Whatever became of the socratic elenchus? Philosophical analysis in Plato

Philosophy Compass 4 (3):439-450 (2009)
Readers who are introduced to philosophical analysis by reading the early Platonic dialogues may be puzzled to find that Plato, in his middle and late periods, largely abandons the style of analysis characteristic of early Plato, namely, the 'Socratic elenchus'. This paper undertakes to solve the puzzle. In contrast to what is popularly called 'the Socratic method', the elenchus requires that Socrates, the lead investigator, not have a satisfactory answer to his 'What is F-ness?' question. Here is the bind. Part of what motivates the elenctic inquiry is the natural assumption that one cannot identify F-things unless one has a satisfactory analysis of what it is to be F. But to test the adequacy of suggested analyses of F-ness one needs to be able to identify counterexamples. Together these two points present us with a 'catch-22', which is something the 'paradox of inquiry' in the Meno brings out. In the Theaetetus Plato makes clear that, although the elenchus, including Socratic ignorance, can refute philosophical theses arrived at by other means, it cannot, by itself, give birth to viable philosophical theses. Its legitimate role is therefore only propaedeutic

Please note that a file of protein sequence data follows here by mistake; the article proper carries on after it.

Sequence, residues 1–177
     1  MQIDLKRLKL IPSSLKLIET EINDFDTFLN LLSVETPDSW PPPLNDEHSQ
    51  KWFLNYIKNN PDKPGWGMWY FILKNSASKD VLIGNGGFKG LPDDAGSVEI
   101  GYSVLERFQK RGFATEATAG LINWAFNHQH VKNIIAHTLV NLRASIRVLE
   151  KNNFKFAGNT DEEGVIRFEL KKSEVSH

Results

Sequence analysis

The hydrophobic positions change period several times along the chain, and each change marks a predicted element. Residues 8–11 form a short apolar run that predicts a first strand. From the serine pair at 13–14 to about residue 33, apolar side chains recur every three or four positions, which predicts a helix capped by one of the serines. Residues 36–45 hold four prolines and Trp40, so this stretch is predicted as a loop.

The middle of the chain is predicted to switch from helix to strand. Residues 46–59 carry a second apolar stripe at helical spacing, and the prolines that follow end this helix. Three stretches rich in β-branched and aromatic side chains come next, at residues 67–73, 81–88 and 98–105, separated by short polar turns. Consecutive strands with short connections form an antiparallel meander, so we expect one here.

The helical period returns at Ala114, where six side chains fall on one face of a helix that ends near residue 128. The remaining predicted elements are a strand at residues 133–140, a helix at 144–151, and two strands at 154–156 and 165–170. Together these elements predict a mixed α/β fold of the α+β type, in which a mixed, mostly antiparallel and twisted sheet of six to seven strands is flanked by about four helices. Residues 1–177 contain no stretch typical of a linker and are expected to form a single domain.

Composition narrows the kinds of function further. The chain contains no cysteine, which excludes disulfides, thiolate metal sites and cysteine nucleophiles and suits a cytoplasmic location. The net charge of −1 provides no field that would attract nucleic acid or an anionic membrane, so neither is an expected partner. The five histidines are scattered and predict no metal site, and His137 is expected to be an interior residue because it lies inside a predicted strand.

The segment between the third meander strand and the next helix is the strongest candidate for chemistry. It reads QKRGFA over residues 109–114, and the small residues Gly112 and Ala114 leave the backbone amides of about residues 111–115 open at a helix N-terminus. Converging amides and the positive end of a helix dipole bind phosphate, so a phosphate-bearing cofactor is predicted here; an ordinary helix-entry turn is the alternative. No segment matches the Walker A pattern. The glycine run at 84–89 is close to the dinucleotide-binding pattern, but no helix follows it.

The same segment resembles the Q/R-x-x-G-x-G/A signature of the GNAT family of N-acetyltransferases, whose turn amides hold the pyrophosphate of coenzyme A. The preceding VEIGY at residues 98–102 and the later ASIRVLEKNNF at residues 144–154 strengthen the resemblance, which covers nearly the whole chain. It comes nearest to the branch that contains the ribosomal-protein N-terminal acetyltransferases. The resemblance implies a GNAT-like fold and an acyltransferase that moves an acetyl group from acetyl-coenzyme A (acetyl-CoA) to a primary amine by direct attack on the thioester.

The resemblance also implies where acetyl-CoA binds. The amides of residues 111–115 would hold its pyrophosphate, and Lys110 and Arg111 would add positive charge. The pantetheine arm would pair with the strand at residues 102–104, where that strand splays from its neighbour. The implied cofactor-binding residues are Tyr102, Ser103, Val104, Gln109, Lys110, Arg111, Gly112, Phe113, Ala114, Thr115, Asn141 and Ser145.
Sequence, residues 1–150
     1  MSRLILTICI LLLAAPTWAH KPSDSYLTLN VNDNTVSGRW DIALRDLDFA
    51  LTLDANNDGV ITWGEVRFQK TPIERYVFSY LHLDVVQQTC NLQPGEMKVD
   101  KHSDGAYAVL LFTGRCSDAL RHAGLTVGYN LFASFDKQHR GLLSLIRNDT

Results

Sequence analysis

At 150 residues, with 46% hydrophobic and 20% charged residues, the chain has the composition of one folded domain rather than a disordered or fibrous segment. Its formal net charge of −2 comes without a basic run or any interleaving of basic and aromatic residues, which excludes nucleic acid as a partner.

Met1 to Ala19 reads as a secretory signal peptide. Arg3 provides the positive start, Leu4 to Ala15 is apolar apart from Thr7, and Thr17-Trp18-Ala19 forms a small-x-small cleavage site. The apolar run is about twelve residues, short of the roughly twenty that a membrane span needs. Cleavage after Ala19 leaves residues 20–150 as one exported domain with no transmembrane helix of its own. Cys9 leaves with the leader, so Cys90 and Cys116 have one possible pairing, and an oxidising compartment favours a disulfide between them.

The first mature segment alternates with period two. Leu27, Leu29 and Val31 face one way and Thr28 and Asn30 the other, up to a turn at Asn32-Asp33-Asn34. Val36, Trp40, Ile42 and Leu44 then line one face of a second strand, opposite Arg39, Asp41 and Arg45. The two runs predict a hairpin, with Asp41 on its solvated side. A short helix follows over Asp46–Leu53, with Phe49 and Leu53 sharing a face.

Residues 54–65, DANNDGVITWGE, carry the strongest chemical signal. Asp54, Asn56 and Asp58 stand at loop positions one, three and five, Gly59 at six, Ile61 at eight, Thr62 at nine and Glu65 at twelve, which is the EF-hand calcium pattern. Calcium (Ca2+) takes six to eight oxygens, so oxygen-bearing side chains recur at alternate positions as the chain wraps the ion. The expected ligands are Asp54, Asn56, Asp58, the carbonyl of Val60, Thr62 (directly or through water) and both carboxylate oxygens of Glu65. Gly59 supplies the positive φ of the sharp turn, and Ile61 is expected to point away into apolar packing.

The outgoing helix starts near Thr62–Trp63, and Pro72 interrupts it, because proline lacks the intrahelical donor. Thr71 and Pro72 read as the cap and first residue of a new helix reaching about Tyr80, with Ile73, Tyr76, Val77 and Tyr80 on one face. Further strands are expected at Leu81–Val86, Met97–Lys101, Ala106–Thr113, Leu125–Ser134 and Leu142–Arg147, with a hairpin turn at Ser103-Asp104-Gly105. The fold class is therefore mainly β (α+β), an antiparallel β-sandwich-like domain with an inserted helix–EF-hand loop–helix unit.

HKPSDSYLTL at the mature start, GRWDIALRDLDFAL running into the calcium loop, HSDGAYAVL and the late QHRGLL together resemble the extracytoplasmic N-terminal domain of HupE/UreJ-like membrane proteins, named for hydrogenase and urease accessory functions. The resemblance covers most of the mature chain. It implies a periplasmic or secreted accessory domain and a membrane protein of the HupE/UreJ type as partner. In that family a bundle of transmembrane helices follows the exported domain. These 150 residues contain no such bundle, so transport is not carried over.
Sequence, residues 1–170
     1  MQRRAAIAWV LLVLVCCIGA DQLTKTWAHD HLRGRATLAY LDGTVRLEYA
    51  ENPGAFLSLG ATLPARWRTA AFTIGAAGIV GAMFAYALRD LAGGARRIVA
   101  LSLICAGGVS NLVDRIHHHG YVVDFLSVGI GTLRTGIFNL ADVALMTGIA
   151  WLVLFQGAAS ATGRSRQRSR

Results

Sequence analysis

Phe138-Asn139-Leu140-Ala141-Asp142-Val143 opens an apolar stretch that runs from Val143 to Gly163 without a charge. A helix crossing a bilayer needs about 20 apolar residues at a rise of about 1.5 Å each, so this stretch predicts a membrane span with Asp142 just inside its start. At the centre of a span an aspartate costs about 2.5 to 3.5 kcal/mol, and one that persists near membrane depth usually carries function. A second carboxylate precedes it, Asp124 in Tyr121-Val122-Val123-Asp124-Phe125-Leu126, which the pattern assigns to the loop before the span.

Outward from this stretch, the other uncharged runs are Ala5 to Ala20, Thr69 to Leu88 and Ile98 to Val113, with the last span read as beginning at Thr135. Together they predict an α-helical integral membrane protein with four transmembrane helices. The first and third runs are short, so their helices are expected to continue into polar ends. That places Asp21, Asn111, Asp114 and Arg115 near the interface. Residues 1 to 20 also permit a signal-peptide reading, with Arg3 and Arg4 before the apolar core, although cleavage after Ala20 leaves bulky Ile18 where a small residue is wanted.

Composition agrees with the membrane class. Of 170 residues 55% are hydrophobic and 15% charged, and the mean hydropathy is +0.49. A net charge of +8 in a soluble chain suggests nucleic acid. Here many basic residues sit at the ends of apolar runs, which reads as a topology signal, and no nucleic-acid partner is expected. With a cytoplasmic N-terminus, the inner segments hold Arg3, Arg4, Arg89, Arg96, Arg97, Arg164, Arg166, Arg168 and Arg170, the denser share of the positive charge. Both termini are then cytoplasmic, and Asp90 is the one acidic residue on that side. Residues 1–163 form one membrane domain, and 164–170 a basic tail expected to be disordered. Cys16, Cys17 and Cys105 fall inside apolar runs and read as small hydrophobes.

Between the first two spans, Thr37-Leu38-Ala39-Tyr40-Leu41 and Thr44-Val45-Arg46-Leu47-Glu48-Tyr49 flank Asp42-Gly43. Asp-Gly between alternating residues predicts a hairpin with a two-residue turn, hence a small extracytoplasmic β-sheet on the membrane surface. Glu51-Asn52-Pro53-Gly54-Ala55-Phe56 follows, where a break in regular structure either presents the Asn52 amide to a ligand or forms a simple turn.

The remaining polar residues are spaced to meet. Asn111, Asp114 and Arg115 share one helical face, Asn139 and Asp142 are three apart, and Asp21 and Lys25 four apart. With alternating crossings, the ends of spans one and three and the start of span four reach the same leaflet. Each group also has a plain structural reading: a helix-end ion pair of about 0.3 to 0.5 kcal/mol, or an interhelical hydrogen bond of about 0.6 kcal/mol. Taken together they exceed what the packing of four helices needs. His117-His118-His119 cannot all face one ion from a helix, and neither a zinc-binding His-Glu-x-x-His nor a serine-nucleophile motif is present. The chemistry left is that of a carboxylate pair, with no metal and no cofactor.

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DOI 10.1111/j.1747-9991.2009.00217.x
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Saul Kripke (2010). Naming and Necessity. In Darragh Byrne & Max Kölbel (eds.), Philosophy. Routledge 431-433.

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